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Dear Friends and Neighbors,

CentraCare care givers have been working around the clock for more than 20 months to care for you, your families and friends during COVID. We are committed to caring for every Minnesotan who needs us, and nothing will prevent us from doing so – even during these never-seen-before times.

The challenge of providing this level of care is that our hospital beds are often full. ERs in all of our hospitals are packed. And our clinical teams are exhausted. Early in the pandemic, our community stepped up in amazing ways to help us. We ask that you again join us in fighting this pandemic together.

How can you help?

  • Please get your COVID vaccines and booster shots. They are proven safe and effective in reducing COVID illness, keeping people out of the hospital, and preventing death.
  • If your situation is not an emergency, please use other care options, including:
  • If this is a medical emergency, call 9-1-1, or visit the ER.

Together, we can do this. Thank you for your support.

Ken Holmen, MD
President and CEO

Sticky fingers for snacky foods

Published in Healthy Eating Tips Author: Jenna Bautch, Dietetic Intern

You hear these phrases all the time or maybe you say them yourself . . . Stop playing with your food! . . . Your are going to ruin your supper!

Snacking has been seen as an enemy of mothers when it comes to their child’s appetite at the dinner table. A common belief is that a child will not be able to eat a proper dinner while snacking before a meal. Frequent, regular snacking has been believed to increase one’s weight by potential over consumption.

However, due to having a smaller stomach than an adult, kids prefer to have smaller meals or portions compared to adult sizes. Children are more likely to only eat their favorite foods at dinner over trying other food such as broccoli or carrots. Snack time serves as a chance to incorporate the fruits and vegetables kids are missing at lunch or dinner.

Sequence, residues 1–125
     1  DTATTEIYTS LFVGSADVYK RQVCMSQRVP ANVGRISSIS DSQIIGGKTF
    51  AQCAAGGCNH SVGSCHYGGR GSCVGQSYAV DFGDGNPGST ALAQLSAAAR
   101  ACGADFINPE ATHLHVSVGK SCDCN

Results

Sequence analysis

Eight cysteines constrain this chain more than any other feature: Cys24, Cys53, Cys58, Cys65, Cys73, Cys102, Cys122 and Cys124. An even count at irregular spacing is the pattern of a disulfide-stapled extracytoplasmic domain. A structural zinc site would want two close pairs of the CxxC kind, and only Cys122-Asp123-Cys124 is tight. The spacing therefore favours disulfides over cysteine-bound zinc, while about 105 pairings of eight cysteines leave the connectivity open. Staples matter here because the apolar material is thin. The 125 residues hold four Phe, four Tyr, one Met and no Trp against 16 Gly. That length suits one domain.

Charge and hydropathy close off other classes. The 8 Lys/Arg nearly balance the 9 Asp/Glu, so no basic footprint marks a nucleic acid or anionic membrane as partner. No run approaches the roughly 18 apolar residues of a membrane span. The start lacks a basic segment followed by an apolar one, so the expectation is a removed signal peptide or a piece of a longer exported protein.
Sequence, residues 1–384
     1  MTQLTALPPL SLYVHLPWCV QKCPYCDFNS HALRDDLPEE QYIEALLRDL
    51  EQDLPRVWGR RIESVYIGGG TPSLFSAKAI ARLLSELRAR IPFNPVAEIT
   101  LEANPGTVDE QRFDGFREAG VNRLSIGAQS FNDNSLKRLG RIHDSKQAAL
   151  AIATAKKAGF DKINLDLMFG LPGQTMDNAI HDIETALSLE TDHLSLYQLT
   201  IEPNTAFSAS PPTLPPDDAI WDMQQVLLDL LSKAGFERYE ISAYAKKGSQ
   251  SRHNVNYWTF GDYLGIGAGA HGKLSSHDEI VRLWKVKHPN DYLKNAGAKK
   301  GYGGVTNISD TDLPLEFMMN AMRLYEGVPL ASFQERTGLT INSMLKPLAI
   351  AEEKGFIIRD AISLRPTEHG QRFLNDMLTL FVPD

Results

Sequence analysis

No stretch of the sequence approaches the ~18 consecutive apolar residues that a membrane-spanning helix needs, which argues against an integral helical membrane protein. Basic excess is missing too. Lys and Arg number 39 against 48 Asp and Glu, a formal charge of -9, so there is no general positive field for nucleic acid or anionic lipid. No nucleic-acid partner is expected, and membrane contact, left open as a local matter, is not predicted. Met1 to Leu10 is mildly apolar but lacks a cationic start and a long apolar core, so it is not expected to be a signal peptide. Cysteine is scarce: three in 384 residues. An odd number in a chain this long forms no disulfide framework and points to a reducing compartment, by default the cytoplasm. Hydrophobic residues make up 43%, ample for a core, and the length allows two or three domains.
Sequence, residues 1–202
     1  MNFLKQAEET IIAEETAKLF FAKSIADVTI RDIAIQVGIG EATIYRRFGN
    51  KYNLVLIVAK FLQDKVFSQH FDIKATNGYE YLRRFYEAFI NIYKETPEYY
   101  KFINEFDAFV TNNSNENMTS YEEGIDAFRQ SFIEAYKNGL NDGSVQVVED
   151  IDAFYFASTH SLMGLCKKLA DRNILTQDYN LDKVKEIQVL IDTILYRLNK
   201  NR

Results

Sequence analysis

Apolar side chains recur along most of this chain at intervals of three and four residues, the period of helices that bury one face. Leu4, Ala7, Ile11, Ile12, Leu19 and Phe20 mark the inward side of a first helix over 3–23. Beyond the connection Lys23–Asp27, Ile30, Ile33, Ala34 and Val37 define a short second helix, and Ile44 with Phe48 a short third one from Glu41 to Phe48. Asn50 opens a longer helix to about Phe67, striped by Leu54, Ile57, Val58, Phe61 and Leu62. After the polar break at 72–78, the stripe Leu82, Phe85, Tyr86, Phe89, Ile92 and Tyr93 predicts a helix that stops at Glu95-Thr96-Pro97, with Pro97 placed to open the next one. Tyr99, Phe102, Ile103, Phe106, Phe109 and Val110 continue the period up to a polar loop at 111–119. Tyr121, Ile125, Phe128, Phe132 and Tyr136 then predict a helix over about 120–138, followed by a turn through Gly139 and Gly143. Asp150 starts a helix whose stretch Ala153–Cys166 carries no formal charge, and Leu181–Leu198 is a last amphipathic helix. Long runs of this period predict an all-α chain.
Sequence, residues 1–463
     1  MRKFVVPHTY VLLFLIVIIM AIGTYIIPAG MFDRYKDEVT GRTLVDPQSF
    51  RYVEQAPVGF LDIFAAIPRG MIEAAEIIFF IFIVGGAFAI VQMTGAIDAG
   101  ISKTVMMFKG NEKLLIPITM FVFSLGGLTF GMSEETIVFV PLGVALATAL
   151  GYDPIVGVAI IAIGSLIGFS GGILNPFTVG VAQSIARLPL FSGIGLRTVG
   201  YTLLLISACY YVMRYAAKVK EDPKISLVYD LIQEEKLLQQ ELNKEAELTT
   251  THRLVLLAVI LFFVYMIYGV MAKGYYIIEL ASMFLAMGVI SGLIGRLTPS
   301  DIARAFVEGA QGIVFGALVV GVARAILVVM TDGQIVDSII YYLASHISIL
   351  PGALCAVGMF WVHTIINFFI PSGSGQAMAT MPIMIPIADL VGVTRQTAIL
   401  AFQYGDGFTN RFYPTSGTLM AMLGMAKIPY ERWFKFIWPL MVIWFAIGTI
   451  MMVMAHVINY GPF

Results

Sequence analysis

When children come home from school, they are usually hungry. A growing child may become distracted from his or her activities if they are only focused on their hunger. Snacking may help to prevent over eating at dinner.

Children are prone to “inspect” their food before they eat it. This may be disguised as “playing” with their meal. When parents detect this, their first instinct is to scold the child and encourage them to eat their dinner. Allowing a child to play with their food may help with introducing new foods. Now “playing” doesn’t mean starting a food fight in the middle of the kitchen or at the dinner table. Encourage a child to become “creative” with their food. How a food is presented determines how the child will perceive the food and if they will be willing or not to try and eat the food. Snacking can be seen as a fun activity for kids. Try shaping foods for the children and encourage children to play and experiment with their food.